Written by Ed Voelsing on February 2, 2022

Improve Employee Engagement and Avoid Groundhog Day with these 10 Steps.

Groundhog looking for his shadow.
Photo by Abigail Lynn on Unsplash

Today is a great day to recognize a classic film about engaged employees and personal growth. If you have not seen Bill Murray movie, Groundhog Day, you should. Bill Murray plays an obnoxious weatherman named Phil Connors who is sent to Punxsutawney, Pennsylvania, to cover the annual rite of Groundhog Day.

Even before he goes, he's over it. He gets trapped in a time loop and keeps waking up to re-live the same February 2nd while retaining all his memories from his previous run-through of the day. Phil then goes on a hero’s journey to find the worst, then finally the best, version of himself, no matter how long it takes (Phil is stuck in February 2nd for somewhere between 40 and 10,000 years).

As we turn the corner on the 3rd year of the pandemic, the feeling that we are all stuck in our own time loop is acute. Especially if you are working from home and have to find excuses to leave the house.

As a headhunter, many of the jobseekers we talk to are looking for a new jobs because they are stuck in their own personal Groundhog Day…a repeating loop of days with little prospect for change or challenge. They might have the best boss, and work with a great company, but are terminally bored. Some see no upward mobility until their boss retires in ten years. Others are stuck in a "too important to move" role and as such will not consider letting they try new things.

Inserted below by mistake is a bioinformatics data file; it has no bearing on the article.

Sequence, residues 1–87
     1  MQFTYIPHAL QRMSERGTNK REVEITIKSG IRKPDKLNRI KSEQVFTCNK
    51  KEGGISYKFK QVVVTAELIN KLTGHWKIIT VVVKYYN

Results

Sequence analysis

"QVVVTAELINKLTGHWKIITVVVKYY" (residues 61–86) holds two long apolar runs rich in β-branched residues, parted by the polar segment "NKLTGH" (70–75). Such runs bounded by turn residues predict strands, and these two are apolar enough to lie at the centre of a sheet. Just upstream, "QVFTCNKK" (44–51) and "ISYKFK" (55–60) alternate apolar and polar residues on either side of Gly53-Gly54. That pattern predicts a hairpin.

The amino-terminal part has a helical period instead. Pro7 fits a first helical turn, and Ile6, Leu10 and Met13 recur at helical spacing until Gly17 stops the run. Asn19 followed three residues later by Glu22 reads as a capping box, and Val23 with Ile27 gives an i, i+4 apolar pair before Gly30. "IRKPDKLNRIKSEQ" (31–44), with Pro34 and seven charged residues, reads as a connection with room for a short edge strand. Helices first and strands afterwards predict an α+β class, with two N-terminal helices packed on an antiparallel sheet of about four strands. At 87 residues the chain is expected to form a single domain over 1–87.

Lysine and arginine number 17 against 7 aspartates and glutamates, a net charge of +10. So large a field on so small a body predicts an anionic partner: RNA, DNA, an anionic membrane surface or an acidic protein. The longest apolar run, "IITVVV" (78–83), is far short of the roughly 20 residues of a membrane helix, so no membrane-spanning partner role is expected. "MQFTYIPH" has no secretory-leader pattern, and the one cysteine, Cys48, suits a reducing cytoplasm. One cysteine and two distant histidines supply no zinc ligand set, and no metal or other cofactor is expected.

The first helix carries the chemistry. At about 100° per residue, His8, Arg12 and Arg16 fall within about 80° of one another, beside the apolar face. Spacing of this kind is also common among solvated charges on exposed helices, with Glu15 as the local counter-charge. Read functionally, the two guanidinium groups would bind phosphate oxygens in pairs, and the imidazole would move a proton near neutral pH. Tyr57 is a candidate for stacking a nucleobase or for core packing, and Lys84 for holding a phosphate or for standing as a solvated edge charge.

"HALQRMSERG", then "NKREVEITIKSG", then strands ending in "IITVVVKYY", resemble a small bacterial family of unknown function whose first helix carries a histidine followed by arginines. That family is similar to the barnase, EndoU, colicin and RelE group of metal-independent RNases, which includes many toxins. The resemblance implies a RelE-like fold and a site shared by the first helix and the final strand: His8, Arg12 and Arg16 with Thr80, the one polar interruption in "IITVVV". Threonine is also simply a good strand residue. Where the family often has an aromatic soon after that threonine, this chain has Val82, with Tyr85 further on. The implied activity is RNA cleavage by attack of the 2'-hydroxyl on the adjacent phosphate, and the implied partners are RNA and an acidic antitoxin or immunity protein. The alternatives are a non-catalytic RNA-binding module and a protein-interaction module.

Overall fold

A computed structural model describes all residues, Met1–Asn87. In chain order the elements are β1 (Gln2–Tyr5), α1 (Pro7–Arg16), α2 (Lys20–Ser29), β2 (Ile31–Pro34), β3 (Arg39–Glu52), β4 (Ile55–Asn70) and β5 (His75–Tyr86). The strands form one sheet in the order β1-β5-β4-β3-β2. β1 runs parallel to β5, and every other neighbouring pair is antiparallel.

Let’s be honest. Few employees, especially best and brightest, will not be happy with the status quo year after year. This can lead to disengagement, AKA "going through the motions."

A disengaged workforce will see reduced innovation, lost revenue, increased costs and safety issues, and excessive turnover. The consequences to an organization can get very expensive, very quickly.

Employee engagement is a complex and moving target – and should be a strategic priority for any company. As a leader, you unquestionably make the largest impact on engagement for your team. While you might not be able to influence what your company does as a while, you can take responsibility for your team. Here are ten strategies you can use to reduce Groundhog Day in your workplace:

1. Have an employee review process that involves asking your employees what their career goals are. Some might be perfectly happy where they are. Others might want to be groomed for bigger roles. You cannot help them get there if you don’t know where they want to go.

2. Offer formal and informal training. The broader your employees’ skill set, the better the organization will function, and the more engaged your team will be. Give them company time to train, put it on the calendar, and stick to it. Avoid the temptation to cancel training because "we are busy." You will always be busy. If professional development is left to “when we have time” there will never be a time. There are many cheap and free resources you can access to train and develop employees. Consider more intensive off-site training for new managers or other mission-critical skills.

3. Cross-training and shadowing-days. Invite people from different departments to spend time outside their normal work group. For example - have Finance, Operations, or Engineering go in the field with Sales to meet your customers. Have HR pull a shift in the warehouse over the weekend. Have accounting spend a day with the design team. It gives new perspectives on how all the pieces of your organization fit together and strengthens internal teams. This is even more important with remote employees to feel engaged with other departments.